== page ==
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Reviews » Blu-ray Reviews » Running With Scissors (Blu-ray)
Running With Scissors (Blu-ray)
Sony Pictures // R // February 6, 2007 // Region A
List Price: $38.96 [Buy now and save at Amazon]
Review by Daniel Hirshleifer | posted January 29, 2007 | E-mail the Author
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The Movie:
Based on a set of memoirs, Running With Scissors is a dark, harrowing film. The memoir on which the film is based has been highly praised as funny, touching, and potent. Directed by Ryan Murphy, creator of the turbulent TV show Nip/Tuck, the film version doesn't seem to able to encompass all that the autobiography was. The result is a very uneven experience. You're never sure if you're meant to laugh, or cry, or be shocked.

Augusten Burroughs (Joseph Cross from TV's Strangers With Candy), the son of an unstable mother (Annette Benning) and an alcoholic father (Alec Baldwin), finds himself a victim of his mother's lunacy. She begins to see Dr. Finch (Brian Cox), a doctor on the far fringes of the medical profession, who wraps Deidre around his little finger. He convinces her to give him legal custody of Augusten, which she does without even discussing it with Augusten. The Finch family consists of Dr. Finch, Agnes (Jill Clayburgh), his daughters Hope (Gwyneth Paltrow) and Natalie (Evan Rachel Wood). Also there is a semi-estranged adopted son, Neil Bookman (Joseph Fiennes). Augusten begins a sexual relationship with Neil, despite Neil having deep psychological problems. Finch, meanwhile, cultivates an air of eccentricity in the house and with his patients. But without any kind of structure, the family struggles to hold on.

Running With Scissors was marketed as a comedy, and supposedly the book is very funny. In all the supplements, everyone talks about the piece as being full of humor. But it's not. It's a dark film filled with people struggling just to survive. There are funny moments, but the laughter cannot overcome the darkness that surrounds the picture. And it's clear from interviews that the point of the movie is how you can overcome such darkness with laughter, so I don't think the movie succeeded on that level.

Where the film does succeed is in the performances. Everyone gives a very emotionally honest performance, with Annette Bening at the center of it all. Bening's performance is heartbreaking, because you can see her fall apart on screen. Alec Baldwin is also in rare form. When a young Augusten tells him that he wants to be famous and have everyone know him, the mix of emotions on Baldwin's face is palpable. The only performance I couldn't invest in was Brian Cox as Dr. Finch. Don't get me wrong, Cox is a brilliant actor, but outside of a few scenes, his portrayal of Dr. Finch is too aloof. Now, perhaps the real Dr. Finch was just as detached, but I couldn't tell if the character was written that way, or it was just an acting choice.

Ryan Murphy, who has shaped Nip/Tuck into one of the most intriguing shows on television, also seems to be floundering in his first feature. It's not that his direction is bad, but it feels like he was trying so hard to be a director with a capital "D" that he couldn't just let the story breathe. He does, however, know where and when to use his period songs, especially Elton John.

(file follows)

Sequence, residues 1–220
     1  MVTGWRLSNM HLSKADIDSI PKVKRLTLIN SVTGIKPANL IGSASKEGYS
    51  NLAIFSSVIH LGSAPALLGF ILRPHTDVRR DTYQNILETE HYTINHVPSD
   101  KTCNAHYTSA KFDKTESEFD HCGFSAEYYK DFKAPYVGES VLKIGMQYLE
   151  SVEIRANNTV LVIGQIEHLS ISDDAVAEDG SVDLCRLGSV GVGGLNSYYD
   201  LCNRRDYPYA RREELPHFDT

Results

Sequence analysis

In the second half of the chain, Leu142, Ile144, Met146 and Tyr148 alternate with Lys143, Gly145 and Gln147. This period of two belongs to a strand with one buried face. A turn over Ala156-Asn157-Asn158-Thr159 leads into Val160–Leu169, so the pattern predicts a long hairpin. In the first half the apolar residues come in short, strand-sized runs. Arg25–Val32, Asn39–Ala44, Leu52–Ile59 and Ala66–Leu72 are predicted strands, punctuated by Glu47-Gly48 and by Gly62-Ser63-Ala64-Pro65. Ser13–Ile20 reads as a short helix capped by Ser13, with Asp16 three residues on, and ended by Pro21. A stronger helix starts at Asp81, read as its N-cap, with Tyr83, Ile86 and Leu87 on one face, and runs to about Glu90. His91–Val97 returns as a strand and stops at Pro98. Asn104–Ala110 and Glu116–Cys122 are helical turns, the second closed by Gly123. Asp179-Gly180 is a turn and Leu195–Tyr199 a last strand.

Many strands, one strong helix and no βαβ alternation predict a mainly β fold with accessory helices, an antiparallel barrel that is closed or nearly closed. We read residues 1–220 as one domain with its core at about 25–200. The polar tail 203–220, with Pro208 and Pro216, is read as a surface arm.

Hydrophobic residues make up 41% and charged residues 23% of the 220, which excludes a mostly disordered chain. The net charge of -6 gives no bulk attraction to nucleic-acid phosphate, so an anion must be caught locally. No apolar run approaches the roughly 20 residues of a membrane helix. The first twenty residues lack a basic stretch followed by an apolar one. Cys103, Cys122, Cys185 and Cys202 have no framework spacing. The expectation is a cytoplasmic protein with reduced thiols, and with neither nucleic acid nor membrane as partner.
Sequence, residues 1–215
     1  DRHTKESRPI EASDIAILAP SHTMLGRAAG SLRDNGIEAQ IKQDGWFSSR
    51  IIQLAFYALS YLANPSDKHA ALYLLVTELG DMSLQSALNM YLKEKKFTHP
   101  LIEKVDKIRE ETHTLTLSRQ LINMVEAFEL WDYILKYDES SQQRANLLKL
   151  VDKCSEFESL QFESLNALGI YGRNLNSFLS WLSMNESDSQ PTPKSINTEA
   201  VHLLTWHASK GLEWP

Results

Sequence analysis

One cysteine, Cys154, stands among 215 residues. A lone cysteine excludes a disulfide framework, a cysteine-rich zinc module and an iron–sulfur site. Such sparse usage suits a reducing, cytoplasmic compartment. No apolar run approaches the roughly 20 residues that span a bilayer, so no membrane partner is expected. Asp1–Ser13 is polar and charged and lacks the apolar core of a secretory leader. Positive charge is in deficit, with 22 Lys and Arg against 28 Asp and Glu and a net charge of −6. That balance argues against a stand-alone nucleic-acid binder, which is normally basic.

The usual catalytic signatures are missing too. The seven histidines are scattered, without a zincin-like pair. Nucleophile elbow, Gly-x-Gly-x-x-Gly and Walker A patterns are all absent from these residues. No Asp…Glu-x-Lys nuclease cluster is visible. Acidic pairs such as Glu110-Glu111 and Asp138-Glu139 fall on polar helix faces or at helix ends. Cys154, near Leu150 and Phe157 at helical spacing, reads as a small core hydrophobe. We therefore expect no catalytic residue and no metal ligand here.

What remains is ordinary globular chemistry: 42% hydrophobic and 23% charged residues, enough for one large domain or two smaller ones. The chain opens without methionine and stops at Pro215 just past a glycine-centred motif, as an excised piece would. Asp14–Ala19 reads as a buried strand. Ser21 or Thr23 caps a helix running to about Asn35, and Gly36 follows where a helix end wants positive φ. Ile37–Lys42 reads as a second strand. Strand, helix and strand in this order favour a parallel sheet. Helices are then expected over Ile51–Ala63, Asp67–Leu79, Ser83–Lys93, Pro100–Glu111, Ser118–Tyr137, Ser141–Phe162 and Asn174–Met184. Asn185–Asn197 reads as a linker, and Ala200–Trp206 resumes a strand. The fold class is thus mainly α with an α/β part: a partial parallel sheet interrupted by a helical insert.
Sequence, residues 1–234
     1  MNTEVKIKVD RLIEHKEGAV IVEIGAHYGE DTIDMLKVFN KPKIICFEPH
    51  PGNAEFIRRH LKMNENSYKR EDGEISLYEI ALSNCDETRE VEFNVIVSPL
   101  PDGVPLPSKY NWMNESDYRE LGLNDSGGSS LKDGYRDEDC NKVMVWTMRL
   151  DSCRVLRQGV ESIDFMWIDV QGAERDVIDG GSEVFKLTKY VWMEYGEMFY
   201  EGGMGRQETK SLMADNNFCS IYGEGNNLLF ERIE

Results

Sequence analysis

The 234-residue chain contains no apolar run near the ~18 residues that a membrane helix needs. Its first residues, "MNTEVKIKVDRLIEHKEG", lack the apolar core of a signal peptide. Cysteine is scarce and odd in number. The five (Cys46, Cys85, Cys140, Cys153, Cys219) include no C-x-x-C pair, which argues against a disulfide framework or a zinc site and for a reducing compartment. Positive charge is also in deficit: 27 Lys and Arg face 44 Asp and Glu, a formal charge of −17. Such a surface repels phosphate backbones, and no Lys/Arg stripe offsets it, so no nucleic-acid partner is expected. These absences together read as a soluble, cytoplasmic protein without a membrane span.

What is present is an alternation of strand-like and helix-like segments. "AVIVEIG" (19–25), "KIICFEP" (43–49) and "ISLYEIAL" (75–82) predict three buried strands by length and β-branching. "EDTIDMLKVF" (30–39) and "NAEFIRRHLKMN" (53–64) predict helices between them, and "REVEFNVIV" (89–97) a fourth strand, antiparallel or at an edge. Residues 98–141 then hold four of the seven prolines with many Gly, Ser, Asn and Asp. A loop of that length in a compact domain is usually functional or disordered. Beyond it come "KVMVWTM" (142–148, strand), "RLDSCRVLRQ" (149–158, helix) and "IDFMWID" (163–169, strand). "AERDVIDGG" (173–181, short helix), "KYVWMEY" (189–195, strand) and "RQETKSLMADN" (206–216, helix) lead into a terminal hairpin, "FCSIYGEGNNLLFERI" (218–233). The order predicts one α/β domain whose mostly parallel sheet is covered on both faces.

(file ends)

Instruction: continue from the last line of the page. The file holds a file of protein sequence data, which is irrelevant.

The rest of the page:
While the film may not entirely be a failure, it's certainly not a success. It is undoubtedly an interesting story, but something got lost in translation. However, as failures go, it's one of the more interesting ones.

The Blu-ray Disc:

The Image:
Sony Pictures Home Entertainment presents Running With Scissors in a 1080p 2.40:1 MPEG-2 transfer. Running With Scissors is a generally drab affair, not prone to the full benefits of HD. However, there are some scenes, especially at the beginning, that shine. The scene where Dierdre first reads her poem for Augusten, you can really tell how almost everything in the room is yellow. Detail is quite good. You can make out every vein in Jill Clayburgh's face. Not the best I've ever seen, but still an all-around solid transfer.

The Audio:
Running With Scissors comes with an uncompressed PCM 5.1 track, but the film is mostly dialogue. The period music sounds great, but the rears get very little use throughout the movie. A regular Dolby Digital 5.1 and a French 5.1 Dolby Digital track is also included.

The Supplements:
We get three short featurettes for the film, that probably could have been condensed into one. The first, "Inside Outsiders," talks about the casting of the film. Mostly the parts of Augusten, Neil, and Deirdre, to be honest. At eight minutes, it's not very in-depth. But then again, it is the longest featurette of the bunch.

The second, "A Personal Memoir," interviews the real Augusten Burroughs (who appears at the end of the film). Burroughs discusses the origins of the novel, and his great reluctance to option it as a film. It then interviews Ryan Murphy as he discusses working with Burroughs.

The final feature, "Creating The Cuckoo's Nest," focuses on the Finch house, which is full of all kinds of knick knacks and bizarre odds and ends. These are all the features from the standard definition DVD, so we aren't missing anything. On the other hand, we're not getting much, either.

Exclusive to the Blu-ray disc is a collection of previews for films such as All The King's Men and Marie Antoinette. All of them are in HD and all of them look great.

The Conclusion:
Running With Scissors is a film about dysfunctional people. As such, it's hard to watch. The uneven nature of the movie itself makes it that much harder. Still, some excellent performances and good picture merit at least one viewing. Rent It.

Daniel Hirshleifer is the High Definition Editor for DVD Talk.

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